I'm a bourbon drinker, and I went to college in the U.S. south, so I've had my share of mint juleps. I quite enjoy them, honestly. My dad briefly spent time working in London, opening a UK office for his then employer, and I happened to visit him there when his co-workers, all of whom were Englishmen or Scots or Irish, threw a picnic and made sure to have mint juleps in real julep cups because, to them, that was a quintessentially American thing. And that further entrenched the beverage in my heart.
I love all things sci-fi and fantasy and I'm particularly fond of imaginary vegetation, from Ents to Audrey II. It's not for nothing that of all the mythic/folkloric traditions I could have based my Kellan Oakes character on, I gave him a druid background and a dryad receptionist. Tree-people are kind of my jam.
HOW DID I NEVER KNOW BEFORE THAT MARVEL'S KILLRAVEN SERIES HAD A PLANT-HUMAN HYBRID CHARACTER NAMED MINT JULEP??? I gots me some backreading to do.
It was one of those revelations where I craved instant feedback gratification, hence turning it into a Facebook post. And sure enough, other members of the group were quick to assure me that, oh yes, the Killraven series was a hidden gem with loads of wild supporting characters and I should definitely track it down and read it, and once I did I was in for a treat, and so forth.
I really wish I could remember the exact sequence of events that got me there, but basically I was just messing around on teh interwebs and found myself on the Wikipedia page for Killraven, which is where I made the quite accidental discovery of the character above. I think it was something like going through my usual daily comics blog consumption, wherein one writer made an offhand reference to Logan's Run, which at one point was adapted as a comic book, which got me thinking about other 1970's science fiction comics which might be ripe for a reboot, which led me down the wormhole to Killraven, a series I've always been peripherally aware of (it was a bit before my time, and back in the day if comics were before your time they had likely vanished into inaccessibility by the time you tried to hunt them down) but had never read. Hence the capacity for surprise and wonder upon digging into its details.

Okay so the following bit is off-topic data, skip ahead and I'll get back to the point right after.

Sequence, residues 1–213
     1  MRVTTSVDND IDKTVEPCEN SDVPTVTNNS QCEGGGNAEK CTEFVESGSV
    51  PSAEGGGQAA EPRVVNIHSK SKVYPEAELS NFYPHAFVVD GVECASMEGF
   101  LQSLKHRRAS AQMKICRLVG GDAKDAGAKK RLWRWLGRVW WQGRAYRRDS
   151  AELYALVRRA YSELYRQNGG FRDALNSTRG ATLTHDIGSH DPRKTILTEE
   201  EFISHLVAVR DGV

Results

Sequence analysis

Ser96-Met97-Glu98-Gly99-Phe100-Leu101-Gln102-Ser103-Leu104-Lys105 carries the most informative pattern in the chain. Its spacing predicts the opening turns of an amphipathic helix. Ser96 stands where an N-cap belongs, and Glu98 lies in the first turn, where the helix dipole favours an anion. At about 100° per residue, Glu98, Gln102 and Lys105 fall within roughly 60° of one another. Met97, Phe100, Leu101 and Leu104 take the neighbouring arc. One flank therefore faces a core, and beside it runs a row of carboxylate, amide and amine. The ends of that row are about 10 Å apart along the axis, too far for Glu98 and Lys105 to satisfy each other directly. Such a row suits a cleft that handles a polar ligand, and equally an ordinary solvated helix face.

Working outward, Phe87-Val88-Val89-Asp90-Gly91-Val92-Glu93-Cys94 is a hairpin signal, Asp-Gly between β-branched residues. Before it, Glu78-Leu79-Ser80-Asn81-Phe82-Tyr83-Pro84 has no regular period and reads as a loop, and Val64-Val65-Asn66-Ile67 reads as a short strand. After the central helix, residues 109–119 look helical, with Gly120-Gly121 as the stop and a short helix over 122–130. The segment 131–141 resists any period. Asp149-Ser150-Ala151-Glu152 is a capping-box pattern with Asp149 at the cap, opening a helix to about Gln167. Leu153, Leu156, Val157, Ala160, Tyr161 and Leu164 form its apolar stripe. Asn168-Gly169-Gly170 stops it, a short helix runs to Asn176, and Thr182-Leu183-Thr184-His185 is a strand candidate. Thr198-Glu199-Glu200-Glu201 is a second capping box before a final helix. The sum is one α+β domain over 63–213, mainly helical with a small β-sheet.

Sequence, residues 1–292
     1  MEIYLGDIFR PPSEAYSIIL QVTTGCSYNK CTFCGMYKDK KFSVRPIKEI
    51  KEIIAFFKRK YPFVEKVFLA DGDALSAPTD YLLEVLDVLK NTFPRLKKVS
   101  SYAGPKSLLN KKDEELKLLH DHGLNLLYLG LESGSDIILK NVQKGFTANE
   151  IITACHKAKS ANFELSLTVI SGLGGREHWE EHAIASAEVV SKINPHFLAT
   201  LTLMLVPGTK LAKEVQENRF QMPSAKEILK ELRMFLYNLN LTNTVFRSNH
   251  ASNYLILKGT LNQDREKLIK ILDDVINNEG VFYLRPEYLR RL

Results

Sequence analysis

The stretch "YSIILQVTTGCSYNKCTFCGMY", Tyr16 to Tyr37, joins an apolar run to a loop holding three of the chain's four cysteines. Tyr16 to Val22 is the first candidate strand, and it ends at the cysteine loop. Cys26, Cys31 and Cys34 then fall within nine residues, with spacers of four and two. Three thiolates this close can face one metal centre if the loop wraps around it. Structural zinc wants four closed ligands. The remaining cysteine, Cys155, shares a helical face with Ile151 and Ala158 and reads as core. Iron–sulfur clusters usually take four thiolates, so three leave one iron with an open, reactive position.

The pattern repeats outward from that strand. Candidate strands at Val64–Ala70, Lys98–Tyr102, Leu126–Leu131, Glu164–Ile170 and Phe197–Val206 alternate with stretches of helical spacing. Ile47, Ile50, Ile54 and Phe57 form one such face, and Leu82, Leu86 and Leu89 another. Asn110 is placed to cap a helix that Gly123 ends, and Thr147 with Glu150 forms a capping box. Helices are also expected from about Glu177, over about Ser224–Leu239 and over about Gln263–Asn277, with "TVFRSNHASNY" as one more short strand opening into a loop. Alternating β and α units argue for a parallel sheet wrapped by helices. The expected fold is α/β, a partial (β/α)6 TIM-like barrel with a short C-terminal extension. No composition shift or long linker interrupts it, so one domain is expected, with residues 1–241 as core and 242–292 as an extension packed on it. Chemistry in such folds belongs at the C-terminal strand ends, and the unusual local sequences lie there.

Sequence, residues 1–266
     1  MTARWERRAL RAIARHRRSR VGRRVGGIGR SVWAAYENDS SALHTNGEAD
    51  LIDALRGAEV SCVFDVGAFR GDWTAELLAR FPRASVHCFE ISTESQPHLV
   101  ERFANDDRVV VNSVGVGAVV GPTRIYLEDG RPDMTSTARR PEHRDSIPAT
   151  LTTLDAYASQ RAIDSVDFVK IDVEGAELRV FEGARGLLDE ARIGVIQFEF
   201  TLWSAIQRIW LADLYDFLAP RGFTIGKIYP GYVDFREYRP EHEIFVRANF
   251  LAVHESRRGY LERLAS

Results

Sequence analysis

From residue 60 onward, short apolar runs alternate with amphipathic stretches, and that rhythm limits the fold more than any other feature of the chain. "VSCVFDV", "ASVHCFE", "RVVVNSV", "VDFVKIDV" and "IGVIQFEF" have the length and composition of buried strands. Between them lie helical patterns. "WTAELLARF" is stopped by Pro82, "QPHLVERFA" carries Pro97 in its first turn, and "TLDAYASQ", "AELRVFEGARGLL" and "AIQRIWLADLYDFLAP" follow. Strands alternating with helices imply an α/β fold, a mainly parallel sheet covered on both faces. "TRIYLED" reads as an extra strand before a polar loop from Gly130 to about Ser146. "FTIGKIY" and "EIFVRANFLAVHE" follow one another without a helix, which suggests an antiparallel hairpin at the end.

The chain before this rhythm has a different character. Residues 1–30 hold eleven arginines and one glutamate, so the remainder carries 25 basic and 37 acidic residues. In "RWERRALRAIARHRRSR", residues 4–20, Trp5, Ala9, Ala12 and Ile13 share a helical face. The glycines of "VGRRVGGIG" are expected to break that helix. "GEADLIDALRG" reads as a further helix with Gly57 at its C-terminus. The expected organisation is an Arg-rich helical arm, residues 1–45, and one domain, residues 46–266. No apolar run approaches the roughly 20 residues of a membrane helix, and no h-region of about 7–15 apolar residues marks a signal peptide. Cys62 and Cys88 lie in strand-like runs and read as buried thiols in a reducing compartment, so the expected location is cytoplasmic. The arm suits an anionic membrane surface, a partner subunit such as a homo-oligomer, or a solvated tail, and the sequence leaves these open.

So here's the interesting thing about Killraven: he was an original character who debuted in the Marvel-published Amazing Adventures comics, in May of 1973. But he was created as the protagonist of a kind of loose sequel to The War of the Worlds. I say loose because the premise for the comic series is that the H.G. Wells novel ended quite differently, and the Martians successfully conquered Earth. The human race is totally subjugated, Killraven himself is a former gladiator turned freedom fighter, about a hundred years after the source material was set. Between the alternate outcome of the backstory and the future setting, numerous other embellishments ensued, but it was very much intended to be Wells's aliens as the bad guys, including prominent use of the iconic imagery of giant mechanical tripods shooting death rays. Which, honestly, is pretty shrewd considering that the Martian tripods are (1) so famous that they have evocative power with near total cultural awareness saturation, regardless of whether or not a person has read the novel, and (2) totally rad looking. So it's a real best-of-breed approach, combining a recognizable IP touchstone (which just happens to be free and clear in the public domain) with something fresh and imaginative.